You'll want to poke this doomsday device

You're left alone at a battered, mysterious console, a flickering urban display on the greenscale monitor before you. There is just one big, red button within your reach. After briefly wrestling with yourself, you press it. Pressing it causes a switch to emerge from the console. Flip the switch and a tiny light comes on. Now what?

I've been really charmed by Please Don't Touch Anything, a sort of puzzle box game that tasks you with figuring out the workings of some bleak old doomsday device based on trial and error, some clues scrawled in the environment, and general willingness to prod. There are multiple ways it can all end, and the art is wonderful. So is the soundtrack, which morphs elegantly as your relationship to the device, and therefore your tension, mounts.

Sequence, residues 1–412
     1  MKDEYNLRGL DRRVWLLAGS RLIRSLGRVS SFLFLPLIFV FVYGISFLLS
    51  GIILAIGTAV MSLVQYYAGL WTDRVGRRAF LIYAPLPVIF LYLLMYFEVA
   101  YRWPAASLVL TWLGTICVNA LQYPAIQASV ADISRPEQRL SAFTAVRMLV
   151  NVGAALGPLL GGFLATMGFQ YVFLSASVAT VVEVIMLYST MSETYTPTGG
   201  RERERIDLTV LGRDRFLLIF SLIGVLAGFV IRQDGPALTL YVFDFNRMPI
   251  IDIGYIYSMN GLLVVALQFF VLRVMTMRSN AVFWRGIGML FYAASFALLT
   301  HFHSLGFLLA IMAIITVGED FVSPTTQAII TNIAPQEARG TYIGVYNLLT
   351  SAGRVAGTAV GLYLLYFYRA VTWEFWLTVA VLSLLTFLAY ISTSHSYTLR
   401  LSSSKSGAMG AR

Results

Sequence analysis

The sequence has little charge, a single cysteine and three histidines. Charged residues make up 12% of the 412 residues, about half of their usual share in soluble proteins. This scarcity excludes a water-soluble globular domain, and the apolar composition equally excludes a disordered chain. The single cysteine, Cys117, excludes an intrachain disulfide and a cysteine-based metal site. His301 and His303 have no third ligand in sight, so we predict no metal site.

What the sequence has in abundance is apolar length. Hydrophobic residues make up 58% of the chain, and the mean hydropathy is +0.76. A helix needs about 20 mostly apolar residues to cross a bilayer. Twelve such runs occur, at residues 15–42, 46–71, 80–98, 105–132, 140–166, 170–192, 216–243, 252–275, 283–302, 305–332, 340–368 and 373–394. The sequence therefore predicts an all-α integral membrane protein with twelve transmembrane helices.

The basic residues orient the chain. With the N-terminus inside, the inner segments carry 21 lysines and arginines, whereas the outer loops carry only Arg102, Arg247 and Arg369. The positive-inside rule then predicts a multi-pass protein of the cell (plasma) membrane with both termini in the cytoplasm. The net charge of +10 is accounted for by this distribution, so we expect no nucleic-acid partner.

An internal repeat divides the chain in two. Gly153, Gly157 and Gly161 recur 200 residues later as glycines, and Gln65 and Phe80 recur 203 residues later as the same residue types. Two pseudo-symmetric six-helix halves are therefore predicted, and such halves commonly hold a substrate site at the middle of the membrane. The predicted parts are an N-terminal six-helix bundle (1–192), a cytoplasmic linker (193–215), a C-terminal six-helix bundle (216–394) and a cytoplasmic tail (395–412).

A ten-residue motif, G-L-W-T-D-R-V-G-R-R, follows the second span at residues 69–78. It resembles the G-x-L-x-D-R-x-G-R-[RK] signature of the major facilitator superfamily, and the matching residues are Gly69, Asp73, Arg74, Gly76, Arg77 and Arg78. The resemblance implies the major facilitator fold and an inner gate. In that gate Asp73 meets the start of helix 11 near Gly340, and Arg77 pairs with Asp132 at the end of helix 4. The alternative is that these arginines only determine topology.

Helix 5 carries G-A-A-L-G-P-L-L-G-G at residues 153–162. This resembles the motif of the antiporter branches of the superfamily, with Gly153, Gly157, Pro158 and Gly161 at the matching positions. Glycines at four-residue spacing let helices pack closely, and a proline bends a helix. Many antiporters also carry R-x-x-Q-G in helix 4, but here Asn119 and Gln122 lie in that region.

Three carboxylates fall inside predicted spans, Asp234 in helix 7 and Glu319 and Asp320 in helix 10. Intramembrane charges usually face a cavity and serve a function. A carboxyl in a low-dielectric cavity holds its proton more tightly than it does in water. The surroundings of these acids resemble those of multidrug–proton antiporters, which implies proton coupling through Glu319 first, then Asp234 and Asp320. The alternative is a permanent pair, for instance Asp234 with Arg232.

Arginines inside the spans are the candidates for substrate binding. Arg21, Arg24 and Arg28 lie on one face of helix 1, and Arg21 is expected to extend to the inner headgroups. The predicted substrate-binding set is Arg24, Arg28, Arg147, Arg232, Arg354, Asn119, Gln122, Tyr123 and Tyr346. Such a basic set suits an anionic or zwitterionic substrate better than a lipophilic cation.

It's a pleasure to play with, and the dystopic, pixelly aesthetic has drawn comparisons to Papers, Please. To me, something about Please Don't Touch Anything's stoic refusal to invite me in reminds me lots of the old room escape games I used to play in web browsers last decade -- they were numerous and varied wildly in quality, which almost made the experience of poking around with them feel more mysterious, demanding of me some quality that was part persistence and skill, but part simply a willingness to believe luck.

I remember in particular the works of Toshimitsu Takagi, whose Crimson Room, Viridian Room and my personal favorite, White Room, were indelible on my memory. Read the rest